How many people need to get infected or die of the coronavirus before we reach a herd immunity threshold? Our NodeXL #ddj mapping from August 3 to 9 finds that The Washington Post creating a herd immunity calculator to estimate this. Also in this week’s Data Journalism Top 10: the BBC’s Visual and Data Journalism team illustrates the future of work environments post-COVID-19, The New York Times shares projections of the potential number of children who may carry the virus back to school in the fall, and Oregon Public Broadcasting discovers a surprising reason for the low incidence of coronavirus transmission in bars and restaurants in the US state of Oregon.
Herd Immunity Calculator
Washington Post graphics reporter Harry Stevens explains the essence of what disease experts call “herd immunity,” in which a spreading disease will slow and eventually stop once a certain share of the population becomes immune. He created a simulator to show how herd immunity works in a community and a calculator to estimate the herd immunity threshold — roughly how many people would need to die for the population to develop herd immunity. Stevens earlier produced a popular disease simulator showing how COVID-19 spreads in different social distancing scenarios.
'A vaccine, or millions of deaths: How America can build herd immunity to the coronavirus'https://t.co/b7lv86CfkA
— Harry Stevens (@Harry_Stevens) August 7, 2020
COVID-19 & Future Work Environments
The coronavirus will one day subside, or even be eradicated if or when a vaccine is developed. But life may not return to exactly what it was prior to COVID-19. The BBC Visual and Data Journalism team created a beautifully illustrated piece to show the possible future of home and workplace environments.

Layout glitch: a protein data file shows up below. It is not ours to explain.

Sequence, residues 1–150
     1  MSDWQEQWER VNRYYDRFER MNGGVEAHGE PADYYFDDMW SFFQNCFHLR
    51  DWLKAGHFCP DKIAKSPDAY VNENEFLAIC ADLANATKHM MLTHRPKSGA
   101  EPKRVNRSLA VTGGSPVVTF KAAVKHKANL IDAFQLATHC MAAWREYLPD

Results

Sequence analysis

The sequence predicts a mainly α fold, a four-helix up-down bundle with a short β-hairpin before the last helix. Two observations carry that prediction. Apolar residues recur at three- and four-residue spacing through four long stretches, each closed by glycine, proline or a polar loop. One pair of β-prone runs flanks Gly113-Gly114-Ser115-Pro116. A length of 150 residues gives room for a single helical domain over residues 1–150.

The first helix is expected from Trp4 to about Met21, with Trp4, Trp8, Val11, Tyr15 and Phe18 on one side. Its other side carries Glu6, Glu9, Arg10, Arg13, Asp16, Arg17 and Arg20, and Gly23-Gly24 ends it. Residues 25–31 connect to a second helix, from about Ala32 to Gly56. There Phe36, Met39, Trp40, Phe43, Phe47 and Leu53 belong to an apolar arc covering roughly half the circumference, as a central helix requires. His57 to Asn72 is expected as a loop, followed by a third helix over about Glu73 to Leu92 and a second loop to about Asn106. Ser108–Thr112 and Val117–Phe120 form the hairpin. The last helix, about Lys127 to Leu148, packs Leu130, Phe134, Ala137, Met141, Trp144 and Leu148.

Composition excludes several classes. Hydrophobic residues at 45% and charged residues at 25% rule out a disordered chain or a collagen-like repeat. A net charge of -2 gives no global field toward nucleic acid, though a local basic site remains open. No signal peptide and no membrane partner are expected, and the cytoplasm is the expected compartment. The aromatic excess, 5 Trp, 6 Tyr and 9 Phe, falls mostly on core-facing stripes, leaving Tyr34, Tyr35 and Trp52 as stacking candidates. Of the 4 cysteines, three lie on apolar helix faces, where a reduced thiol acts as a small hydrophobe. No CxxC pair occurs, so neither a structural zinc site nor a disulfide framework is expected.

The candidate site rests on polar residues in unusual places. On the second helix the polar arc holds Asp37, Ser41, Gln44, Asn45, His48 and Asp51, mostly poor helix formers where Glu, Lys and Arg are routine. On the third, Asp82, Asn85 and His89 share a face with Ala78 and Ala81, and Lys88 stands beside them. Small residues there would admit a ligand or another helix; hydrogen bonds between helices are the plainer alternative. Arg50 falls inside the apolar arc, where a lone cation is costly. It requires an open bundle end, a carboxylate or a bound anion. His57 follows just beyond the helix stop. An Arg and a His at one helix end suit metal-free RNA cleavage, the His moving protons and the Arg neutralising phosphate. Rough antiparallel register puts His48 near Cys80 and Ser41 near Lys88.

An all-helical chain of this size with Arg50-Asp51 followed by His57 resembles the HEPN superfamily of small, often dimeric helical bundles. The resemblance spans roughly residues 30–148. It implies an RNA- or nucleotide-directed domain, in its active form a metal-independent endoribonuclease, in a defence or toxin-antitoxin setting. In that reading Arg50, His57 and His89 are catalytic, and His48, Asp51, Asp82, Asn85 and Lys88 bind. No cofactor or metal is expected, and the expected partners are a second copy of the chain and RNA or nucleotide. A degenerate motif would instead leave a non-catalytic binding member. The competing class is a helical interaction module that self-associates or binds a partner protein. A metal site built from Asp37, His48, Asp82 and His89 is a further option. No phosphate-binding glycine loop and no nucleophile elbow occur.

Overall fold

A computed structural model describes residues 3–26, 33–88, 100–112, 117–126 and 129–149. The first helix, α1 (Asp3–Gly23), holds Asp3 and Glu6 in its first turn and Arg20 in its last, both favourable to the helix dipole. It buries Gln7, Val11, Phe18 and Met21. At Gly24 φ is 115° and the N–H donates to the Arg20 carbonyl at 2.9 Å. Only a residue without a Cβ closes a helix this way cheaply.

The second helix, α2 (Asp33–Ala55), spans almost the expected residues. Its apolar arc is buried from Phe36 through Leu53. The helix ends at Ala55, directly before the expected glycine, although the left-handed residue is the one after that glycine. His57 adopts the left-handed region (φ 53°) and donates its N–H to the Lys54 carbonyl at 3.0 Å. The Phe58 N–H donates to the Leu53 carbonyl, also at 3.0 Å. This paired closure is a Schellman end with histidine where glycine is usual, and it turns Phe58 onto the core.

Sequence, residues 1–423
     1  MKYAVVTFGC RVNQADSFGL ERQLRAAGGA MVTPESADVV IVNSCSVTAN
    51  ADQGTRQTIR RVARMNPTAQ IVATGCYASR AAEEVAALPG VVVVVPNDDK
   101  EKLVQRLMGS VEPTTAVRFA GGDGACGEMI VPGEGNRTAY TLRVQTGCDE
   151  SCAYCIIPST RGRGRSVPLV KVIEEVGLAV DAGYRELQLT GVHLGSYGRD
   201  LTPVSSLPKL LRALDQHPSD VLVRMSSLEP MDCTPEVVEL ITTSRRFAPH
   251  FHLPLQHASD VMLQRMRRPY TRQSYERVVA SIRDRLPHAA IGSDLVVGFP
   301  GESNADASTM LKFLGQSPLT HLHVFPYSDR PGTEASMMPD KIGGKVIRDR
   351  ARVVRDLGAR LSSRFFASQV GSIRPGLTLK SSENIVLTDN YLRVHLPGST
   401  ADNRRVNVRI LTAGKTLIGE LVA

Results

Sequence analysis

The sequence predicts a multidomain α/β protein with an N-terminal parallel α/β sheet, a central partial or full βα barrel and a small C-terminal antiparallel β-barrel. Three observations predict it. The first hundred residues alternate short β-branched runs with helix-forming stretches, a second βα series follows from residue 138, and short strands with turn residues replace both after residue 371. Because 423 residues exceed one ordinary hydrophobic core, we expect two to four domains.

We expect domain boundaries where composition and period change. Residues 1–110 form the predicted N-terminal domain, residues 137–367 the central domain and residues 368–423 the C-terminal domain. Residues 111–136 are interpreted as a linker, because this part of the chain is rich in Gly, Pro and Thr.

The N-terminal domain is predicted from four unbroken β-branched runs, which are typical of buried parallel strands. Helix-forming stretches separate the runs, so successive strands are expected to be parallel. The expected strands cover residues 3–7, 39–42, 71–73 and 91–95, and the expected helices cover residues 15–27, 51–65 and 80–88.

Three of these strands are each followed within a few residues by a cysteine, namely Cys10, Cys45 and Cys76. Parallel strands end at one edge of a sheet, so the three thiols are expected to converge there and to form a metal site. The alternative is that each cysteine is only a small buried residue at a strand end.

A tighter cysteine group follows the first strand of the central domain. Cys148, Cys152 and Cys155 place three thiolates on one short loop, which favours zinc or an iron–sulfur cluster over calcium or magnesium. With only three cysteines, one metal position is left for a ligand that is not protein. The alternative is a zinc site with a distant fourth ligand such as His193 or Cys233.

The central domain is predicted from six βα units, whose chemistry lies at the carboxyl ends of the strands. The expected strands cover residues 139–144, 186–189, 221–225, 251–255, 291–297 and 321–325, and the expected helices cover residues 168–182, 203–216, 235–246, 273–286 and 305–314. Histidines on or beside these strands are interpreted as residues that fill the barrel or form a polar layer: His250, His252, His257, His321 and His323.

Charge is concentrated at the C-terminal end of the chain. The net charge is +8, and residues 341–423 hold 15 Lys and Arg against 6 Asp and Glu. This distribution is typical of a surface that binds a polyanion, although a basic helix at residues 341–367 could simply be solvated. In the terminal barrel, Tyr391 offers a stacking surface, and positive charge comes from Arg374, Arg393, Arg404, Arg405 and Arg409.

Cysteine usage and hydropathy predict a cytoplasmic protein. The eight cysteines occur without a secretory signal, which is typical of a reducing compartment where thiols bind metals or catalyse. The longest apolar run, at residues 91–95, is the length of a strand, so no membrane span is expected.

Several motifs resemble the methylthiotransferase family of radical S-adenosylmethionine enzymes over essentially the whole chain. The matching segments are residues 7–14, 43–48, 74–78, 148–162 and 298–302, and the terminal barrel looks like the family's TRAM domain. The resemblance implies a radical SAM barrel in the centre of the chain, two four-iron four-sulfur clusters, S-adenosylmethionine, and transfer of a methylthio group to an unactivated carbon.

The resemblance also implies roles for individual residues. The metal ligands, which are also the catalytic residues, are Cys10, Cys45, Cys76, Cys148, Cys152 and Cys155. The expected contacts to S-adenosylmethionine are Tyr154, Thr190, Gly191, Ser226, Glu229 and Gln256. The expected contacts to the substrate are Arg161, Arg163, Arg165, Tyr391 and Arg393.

Wonderful execution and a very real representation of what office and home work life will be very soon. Illustration is such a great medium to tell this story with. https://t.co/Az5ibEB4JO
— Dmitry Shishkin (@dmitryshishkin) August 7, 2020
Does Germany’s COVID-19 Warning App Work?
The German government expected a lot from its Corona-Warn-App, a coronavirus app for tracking infections, but nobody really knows how many infections the program prevented, or whether it is even reaching the right people. German newspaper Frankfurter Allgemeine measured the app usage in Frankfurt and found flaws in the system.
Eine Datenrecherche zeigt, wie die #CoronaApp soziale Ungleichheit verstärkt – und junge Erwachsene in falscher Sicherheit wiegt. @grinaldi97, @JensGiesel und Kim Björn Becker berichten: https://t.co/JXNkyxcAzl pic.twitter.com/sJEEegGmfS
— Frankfurter Allgemeine (@faznet) August 8, 2020
Coronavirus in Schools
Millions of US parents face a tough decision this fall: whether to allow their children to attend classes in person if schools reopen. Researchers at the University of Texas made projections of the potential number of children who may carry the virus back to school, depending on the area and size of the school. Readers can find the estimated risk for their county using The New York Times’ interactive chart.
How many people would come to school infected with coronavirus if schools opened today? The answer depends on the size of the school and the severity of the outbreak in the surrounding community.
— Matthew Conlen (@mathisonian) July 31, 2020
Lockdown Effective for Rich
We’ve seen stories by The New York Times and Reuters that highlight how being able to stay home and work during a lockdown is a luxury for higher income earners, or how the coronavirus disproportionately affects ethnic minorities. By analyzing an important dataset released by Toronto Public Health — a catalog of about 15,300 coronavirus cases reported in Toronto since late January — The Toronto Star showed how these patterns also hold true for the Canadian city. Richer, whiter neighborhoods are able to weather the pandemic better compared to those with lower socioeconomic status.